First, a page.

But are all the teams ready to have this kind of conversations? The answer is absolutely YES. And how is it done? I will give some clues in the following posts.

Please send your comments to

01/10/2018. Monthly quote

"Most organizations are inert and can not see beyond their "inertia" because they do not see how all their parts are interconnected - how they participate in a single system.." (Translated)

Consulting mastery, Keith Merron

01/09/2018. Monthly quote

"Insanity is doing the same thing over and over again, expecting different results." Attributed to Albert Einstein, although it can be a misattribution.

14/08/2018. Post #2 - Connected team

The Teamfullness philosophy begins with the step "stay tuned to yourself". In the last 3 years of my life, creating a space to connect with my needs and dreams led me to a profound change. This space allowed me to orient my actions towards goals that make me me feel fulfilled and satisfied, functioning in a more efficient and effective way both personally and professionally.

These spaces of connection and reflection, applied to a team, have an even greater power, because everything is intensified when counting on the energy of many people Nevertheless,

How much attention do we dedicate to knowing and designing how we want to function and what goals do we want to achieve as a team?

I agree that it is difficult to take time out on a day-to-day basis to do this. The same difficulty I had when applying it on a personal level. But I did not need great efforts, nor large investments of time or money. Little by little, I integrated it organically as something everyday, and seeing the results, I would not dare to stop "sharpening the saw", according to the metaphor used by Stephen Covey in his book 'The 7 habits of highly effective people'.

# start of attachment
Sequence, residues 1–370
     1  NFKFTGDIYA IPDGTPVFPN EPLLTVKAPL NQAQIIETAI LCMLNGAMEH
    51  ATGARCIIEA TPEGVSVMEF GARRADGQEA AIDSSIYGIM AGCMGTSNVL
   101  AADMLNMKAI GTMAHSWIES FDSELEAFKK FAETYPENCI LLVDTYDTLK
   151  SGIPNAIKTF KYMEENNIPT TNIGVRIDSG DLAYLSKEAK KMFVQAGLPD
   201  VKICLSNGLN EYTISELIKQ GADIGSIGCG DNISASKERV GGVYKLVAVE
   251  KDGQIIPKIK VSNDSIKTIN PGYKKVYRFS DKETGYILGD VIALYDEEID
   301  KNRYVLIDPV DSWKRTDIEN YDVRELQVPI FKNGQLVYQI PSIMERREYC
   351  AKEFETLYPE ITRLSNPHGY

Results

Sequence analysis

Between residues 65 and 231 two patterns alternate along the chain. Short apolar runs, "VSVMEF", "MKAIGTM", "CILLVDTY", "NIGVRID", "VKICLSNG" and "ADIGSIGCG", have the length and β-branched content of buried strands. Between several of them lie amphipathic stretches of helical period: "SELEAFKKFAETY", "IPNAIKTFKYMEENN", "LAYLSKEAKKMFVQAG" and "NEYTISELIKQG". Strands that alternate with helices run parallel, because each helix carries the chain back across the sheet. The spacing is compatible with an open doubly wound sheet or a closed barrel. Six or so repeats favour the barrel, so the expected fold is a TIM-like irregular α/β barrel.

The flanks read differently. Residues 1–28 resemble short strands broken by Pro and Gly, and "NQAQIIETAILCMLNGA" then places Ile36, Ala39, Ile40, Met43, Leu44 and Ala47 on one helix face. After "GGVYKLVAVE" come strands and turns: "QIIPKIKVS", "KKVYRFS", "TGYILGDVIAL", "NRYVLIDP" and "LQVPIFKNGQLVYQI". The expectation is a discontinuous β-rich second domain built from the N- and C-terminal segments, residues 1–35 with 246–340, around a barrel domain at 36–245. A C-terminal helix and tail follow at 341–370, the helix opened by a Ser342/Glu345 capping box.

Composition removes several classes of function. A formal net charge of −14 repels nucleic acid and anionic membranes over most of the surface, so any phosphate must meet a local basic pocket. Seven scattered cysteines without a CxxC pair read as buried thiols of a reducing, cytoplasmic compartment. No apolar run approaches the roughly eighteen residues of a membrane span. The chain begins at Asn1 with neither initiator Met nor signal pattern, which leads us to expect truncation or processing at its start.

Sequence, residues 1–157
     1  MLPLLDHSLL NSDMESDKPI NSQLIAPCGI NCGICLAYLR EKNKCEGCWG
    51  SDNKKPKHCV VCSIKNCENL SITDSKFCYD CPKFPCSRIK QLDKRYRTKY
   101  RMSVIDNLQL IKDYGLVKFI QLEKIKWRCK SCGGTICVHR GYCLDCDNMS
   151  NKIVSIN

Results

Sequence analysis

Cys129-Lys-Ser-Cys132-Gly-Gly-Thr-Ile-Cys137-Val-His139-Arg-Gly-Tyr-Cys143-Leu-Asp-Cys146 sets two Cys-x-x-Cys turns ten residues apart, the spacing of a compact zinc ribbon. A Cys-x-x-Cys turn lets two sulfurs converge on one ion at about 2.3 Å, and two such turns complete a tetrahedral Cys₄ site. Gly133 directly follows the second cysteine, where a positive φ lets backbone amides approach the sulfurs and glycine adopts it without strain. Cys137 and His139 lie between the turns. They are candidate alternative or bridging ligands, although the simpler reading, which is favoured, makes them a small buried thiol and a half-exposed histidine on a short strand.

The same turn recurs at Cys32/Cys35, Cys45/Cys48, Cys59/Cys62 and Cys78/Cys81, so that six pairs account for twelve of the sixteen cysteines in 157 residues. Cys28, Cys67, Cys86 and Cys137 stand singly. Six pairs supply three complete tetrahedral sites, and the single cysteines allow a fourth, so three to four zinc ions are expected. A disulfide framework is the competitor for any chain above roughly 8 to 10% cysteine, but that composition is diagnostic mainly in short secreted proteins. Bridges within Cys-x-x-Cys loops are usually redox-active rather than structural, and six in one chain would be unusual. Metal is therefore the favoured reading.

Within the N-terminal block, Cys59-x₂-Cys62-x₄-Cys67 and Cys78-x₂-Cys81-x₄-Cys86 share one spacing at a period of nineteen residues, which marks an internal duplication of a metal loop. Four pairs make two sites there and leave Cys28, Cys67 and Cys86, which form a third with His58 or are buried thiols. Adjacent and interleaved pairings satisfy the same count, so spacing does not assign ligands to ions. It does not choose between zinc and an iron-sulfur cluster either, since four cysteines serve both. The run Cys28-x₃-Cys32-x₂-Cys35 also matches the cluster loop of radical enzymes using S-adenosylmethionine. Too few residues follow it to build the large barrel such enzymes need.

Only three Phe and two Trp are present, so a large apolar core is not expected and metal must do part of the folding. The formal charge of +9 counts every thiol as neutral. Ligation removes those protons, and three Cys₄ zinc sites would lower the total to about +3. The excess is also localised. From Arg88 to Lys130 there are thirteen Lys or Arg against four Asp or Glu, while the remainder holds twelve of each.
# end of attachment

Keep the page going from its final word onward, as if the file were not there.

But what does "sharpen the saw" in a team mean?

From the Teamfulness point of view, it means having a space for the entire team to meet -including the leaders- and review their objectives, their status, their needs ... And to talk about and work on everything that helps the team to design their actions and to create and maintain a healthy work environment, guaranteeing efficient and effective team functioning.

In my next posts I will develop the essential elements for these spaces of connection and reflection.

If you feel like it, send your comments to

04/08/2018. Monthly quote

“Seeking greatness in the profession, the greatest discovery of my generation is that a man can alter his life simply by altering his mental attitude." (Translation)